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Stanford Libraries Blog

ORCID interoperability

ORCID : Important tool for your professional career

October 21, 2020
by Grace Baysinger

Having an ORCID ID enables you to distinguish yourself from others who may have the same name.  An ORCID ID is a persistent identifier that supports your efforts when you change positions, institutions, or even your hame.  Your ORCID record enables you to enter information once for reuse multiple times.  Because ORCID.org is a non-profit organization, your information is not sold.  There is no cost for using ORCID and you control the visibility of your ORCID record.  Automatic updates for your new publications can be sent to your ORCID record, making it easier to keep your information current. 

Chinese Non-Governmental Organizations Web Archive Collection

October 12, 2020
by Peter Chan

We are pleased to announce that 170 archived websites have just been added to the Chinese Non-Governmental Organizations Web Archive Collection. A total of 367 archived websites are now available in SearchWorks (https://searchworks.stanford.edu/view/jt898xc8096). This content is also featured in online exhibit, Recording Civic Action in China (https://exhibits.stanford.edu/chinese-ngos).

Mayacamas 3 by Bernice Bing

Announcing the Archive of Visual Artist Bernice Bing

September 24, 2020
by D. Vanessa Kam

The Bowes Art & Architecture Library and the Department of Special Collections of the Stanford Libraries are pleased to announce the acquisition of the archive of visual artist, community activist, and Beat Generation proponent Bernice Bing.  Bing (1936–1998) overcame numerous obstacles in her life to create paintings combining elements of New York and Bay Area abstraction with Chinese calligraphy and landscape painting practices.  Her dynamic amalgamation of Eastern and Western aesthetics and philosophies led to unique abstract and gest

 Bracero letters, 1943

Undelivered 1940s Mexican letters to Pacific Northwest relatives

September 23, 2020
by Adan Griego
Mrs. Fidencia Abila was probably relieved that her son Salvador looked plump (“estas muy gordo”) in the photos (“retratos”) he sent from the United States. He was part of the Bracero Program enacted through several bilateral agreements signed by United States and Mexico between 1942 and 1964. The program brought thousands of Mexican men as short-term workers, primarily in agriculture, contributing with their “brazos” (arms) to the overall war effort as our country made a full commitment to World War II and later the Korean War.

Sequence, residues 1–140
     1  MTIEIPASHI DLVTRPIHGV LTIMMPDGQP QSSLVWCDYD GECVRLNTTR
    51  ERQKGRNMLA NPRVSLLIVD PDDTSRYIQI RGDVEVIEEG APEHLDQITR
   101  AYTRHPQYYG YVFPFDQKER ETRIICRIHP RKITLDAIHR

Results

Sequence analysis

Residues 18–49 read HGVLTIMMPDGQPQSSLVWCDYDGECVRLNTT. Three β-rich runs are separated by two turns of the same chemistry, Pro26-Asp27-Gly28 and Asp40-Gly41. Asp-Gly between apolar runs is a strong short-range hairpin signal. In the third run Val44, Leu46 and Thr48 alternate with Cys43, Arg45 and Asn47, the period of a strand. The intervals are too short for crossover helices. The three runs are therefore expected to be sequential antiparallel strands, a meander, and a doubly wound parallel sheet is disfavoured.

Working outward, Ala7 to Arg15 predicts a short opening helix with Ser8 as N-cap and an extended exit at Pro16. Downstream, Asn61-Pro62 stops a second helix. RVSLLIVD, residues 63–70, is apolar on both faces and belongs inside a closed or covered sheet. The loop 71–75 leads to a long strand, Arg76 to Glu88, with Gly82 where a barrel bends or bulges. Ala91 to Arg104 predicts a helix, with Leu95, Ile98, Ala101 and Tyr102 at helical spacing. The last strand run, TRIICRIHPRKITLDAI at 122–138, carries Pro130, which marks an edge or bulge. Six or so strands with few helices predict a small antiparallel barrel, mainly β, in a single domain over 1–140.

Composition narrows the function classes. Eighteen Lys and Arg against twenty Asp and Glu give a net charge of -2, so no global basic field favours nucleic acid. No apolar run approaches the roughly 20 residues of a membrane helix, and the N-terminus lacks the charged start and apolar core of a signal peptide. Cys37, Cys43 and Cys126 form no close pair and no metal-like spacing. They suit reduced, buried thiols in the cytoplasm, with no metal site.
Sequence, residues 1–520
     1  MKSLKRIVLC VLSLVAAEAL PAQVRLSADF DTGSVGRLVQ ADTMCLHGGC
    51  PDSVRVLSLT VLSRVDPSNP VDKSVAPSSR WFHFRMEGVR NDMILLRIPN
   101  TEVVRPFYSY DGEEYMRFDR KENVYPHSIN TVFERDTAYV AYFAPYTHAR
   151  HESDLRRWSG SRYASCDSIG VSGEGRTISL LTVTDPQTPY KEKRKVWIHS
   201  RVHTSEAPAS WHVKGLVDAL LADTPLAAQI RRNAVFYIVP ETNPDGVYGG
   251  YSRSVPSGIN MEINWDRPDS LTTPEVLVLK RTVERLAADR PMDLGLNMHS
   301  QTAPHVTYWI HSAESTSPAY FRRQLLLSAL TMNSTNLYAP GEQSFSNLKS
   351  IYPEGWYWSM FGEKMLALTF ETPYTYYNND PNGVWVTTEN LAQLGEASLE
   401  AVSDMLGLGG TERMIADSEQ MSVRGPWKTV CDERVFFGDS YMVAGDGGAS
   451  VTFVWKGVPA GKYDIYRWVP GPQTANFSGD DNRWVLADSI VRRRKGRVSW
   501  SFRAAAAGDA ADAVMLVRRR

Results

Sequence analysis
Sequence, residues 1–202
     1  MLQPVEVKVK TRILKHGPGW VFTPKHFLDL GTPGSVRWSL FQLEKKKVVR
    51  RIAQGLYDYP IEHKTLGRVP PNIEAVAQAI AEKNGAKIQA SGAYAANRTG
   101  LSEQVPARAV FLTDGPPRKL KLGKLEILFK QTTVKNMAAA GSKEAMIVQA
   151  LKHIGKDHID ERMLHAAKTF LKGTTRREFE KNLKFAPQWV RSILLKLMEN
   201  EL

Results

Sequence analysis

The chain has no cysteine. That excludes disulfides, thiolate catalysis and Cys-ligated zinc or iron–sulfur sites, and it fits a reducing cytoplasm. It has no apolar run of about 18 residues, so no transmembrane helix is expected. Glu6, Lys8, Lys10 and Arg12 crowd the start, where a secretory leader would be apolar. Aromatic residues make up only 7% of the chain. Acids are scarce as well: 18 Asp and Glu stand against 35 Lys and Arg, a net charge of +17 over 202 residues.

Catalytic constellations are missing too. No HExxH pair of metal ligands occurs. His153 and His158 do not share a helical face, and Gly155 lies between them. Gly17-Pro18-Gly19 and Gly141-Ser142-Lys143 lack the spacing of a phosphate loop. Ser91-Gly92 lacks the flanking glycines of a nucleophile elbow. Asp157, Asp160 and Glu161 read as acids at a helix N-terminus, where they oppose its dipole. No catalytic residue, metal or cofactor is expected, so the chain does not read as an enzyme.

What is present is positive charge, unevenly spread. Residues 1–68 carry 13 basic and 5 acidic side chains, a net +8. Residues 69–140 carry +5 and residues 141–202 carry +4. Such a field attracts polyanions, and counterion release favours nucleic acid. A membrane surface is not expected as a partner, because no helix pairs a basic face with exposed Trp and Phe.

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Expert Research Consulting

September 22, 2020
by Amy E. Hodge

Stanford's Science & Engineering Libraries' Experts will be offering 1:1 Research Consulting appointments via Zoom during the fall quarter. These appointments will focus on assisting grad students and other scientific researchers with software, coding, and data issues and questions related to research projects.

The service will be staffed by the following librarians and staff from our Science and Engineering Libraries:

Jerry McBride, head librarian for Braun Music Library and the Archive of Recorded Sound,

Jerry McBride to retire

September 15, 2020
by Matt Marostica

Our wonderful colleague, Jerry McBride, will be retiring on September 22 after more than seventeen years of service as Head of the Music Library and of the Archive of Recorded Sound. Jerry has made important contributions to the Stanford community through teaching, research and innovative collection development. His work has elevated the stature of Stanford Libraries’ music and recording collections. Importantly, Jerry has also contributed to building the careers of many music librarians in and outside of Stanford through his leadership in the field and as a mentor to younger librarians.

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Science and Engineering Libraries NGSO Video

September 12, 2020
by Zac Painter

On Tuesday September 01, the Stanford Libraries Science and Engineering Group hosted a one-hour information session for new graduate students in the STEM disciplines. The services of the Libraries, and an introduction to the people involved, were on the agenda.

A recording for the event is available at this link. The content is available to all members of the Stanford community who would like to know more about our services. Please say hello to us! We are excited to welcome you for the 2020-2021 Academic Year.

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